“The way they present themselves and organize their offense is just a bunch of moving parts,” defensive coordinator Kacy Rodgers said. “It really upsets your eye discipline. They move the receivers around and then a tight end comes back. Then the play action and the linebackers get sucked in and somebody’s wide open. If they stay back they hit them with a run, and their attack is perfectly suited to [Rodgers’] skill set.”
In an interview with Tony Dungy on Sunday Night Football during the season opener, Bowles went so far as to say seeing Rodgers on the program is “scary”. He didn’t specify exactly what he meant then, but he did now that he’s about to face her.
“When you have guys who can see the whole field and throw the ball from multiple angles and be as accurate as if there’s nobody around them, that makes them very scary,” Bowles said. “Your whole team is warned for four quarters. You can’t cheat one way or another. You can’t fall asleep. They don’t give you a chance to take a break. And you don’t have respite. . You have to be constantly on it until the end of the game because they always have the threat of coming back.”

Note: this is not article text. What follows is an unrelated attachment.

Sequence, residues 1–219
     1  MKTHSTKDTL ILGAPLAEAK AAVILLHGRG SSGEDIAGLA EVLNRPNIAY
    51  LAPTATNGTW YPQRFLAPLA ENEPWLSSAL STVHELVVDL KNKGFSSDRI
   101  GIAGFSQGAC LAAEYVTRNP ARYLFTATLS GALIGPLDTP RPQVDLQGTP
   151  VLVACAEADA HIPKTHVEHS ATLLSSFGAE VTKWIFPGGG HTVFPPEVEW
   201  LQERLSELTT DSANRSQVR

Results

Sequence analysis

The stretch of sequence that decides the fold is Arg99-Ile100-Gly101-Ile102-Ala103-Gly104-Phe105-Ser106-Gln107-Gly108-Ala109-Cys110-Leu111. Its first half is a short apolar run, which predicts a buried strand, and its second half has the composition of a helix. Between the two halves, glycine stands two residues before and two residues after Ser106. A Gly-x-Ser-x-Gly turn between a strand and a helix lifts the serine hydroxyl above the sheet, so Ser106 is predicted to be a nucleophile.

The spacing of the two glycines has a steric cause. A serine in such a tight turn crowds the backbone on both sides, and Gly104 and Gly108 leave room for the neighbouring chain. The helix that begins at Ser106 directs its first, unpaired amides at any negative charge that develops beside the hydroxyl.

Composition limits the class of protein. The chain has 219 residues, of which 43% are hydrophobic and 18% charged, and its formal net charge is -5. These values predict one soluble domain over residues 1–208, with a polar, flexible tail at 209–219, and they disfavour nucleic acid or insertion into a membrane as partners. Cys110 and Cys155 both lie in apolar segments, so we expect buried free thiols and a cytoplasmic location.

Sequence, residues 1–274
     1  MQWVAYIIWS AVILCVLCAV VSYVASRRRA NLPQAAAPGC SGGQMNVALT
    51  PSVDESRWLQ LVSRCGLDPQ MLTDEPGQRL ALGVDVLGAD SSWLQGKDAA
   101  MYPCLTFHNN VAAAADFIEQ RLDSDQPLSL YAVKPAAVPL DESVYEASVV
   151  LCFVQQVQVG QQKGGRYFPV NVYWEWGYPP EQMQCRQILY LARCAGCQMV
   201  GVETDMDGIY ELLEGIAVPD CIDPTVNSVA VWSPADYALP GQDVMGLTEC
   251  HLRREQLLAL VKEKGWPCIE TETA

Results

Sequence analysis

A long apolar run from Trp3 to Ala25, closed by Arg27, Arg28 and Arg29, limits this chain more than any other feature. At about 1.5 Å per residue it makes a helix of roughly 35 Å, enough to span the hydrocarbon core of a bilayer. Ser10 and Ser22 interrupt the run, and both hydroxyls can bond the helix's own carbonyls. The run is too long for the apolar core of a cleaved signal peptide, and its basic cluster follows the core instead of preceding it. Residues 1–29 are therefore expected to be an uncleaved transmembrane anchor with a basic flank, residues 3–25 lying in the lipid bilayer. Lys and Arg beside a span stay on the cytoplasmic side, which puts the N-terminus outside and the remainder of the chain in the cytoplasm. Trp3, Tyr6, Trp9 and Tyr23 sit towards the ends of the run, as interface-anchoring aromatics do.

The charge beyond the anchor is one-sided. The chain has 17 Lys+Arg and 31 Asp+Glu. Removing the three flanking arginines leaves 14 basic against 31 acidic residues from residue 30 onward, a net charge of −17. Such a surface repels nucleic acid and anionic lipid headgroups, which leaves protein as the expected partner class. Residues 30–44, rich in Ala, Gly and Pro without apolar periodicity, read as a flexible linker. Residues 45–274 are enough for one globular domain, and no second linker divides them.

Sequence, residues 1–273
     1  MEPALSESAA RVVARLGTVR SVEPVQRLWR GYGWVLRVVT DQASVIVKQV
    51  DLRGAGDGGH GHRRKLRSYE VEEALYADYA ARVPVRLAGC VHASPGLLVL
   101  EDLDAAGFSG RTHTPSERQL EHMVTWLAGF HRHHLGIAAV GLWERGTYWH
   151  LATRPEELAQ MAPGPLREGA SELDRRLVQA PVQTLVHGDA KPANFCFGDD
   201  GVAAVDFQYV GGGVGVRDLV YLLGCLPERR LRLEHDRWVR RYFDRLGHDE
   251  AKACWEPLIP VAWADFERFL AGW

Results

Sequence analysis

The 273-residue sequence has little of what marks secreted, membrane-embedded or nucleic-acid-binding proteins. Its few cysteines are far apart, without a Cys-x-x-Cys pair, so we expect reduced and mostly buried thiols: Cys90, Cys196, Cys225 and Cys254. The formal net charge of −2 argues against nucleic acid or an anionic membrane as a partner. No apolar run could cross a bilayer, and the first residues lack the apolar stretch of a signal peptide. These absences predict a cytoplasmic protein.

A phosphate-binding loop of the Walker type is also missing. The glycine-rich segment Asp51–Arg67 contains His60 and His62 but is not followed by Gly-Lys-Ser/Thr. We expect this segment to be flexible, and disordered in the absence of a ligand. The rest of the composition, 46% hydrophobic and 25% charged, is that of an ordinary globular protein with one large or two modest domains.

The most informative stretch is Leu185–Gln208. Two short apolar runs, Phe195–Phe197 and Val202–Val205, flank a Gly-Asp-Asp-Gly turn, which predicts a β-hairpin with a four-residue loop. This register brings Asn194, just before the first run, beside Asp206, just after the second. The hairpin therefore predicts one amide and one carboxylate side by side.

If that wasn’t enough, Rodgers is also armed with a playcaller who knows him inside out and is proactive in his own right.
“LaFleur does a good job giving him the test answers,” Bowles said. “And by that, I mean if that’s not the game you see, and then you see this, check that check. It’s like he always knows where his get out of jail card is and a lot A lot of quarterbacks didn’t know that. They know that first option in their offense and that’s it. He knows his first, second, third and fourth option and can get rid of it just as quickly. So that makes him very special.”
As prepared as Bowles will be for Aaron Rodgers on Sunday, it will be up to the players to execute him. What do you tell them about a guy you just openly called “scary”?
“We expect him to make his plays,” Kacy Rodgers said. “If he makes a game, just go to the next one and keep playing. Sixty minutes is a long time. Having a short memory.”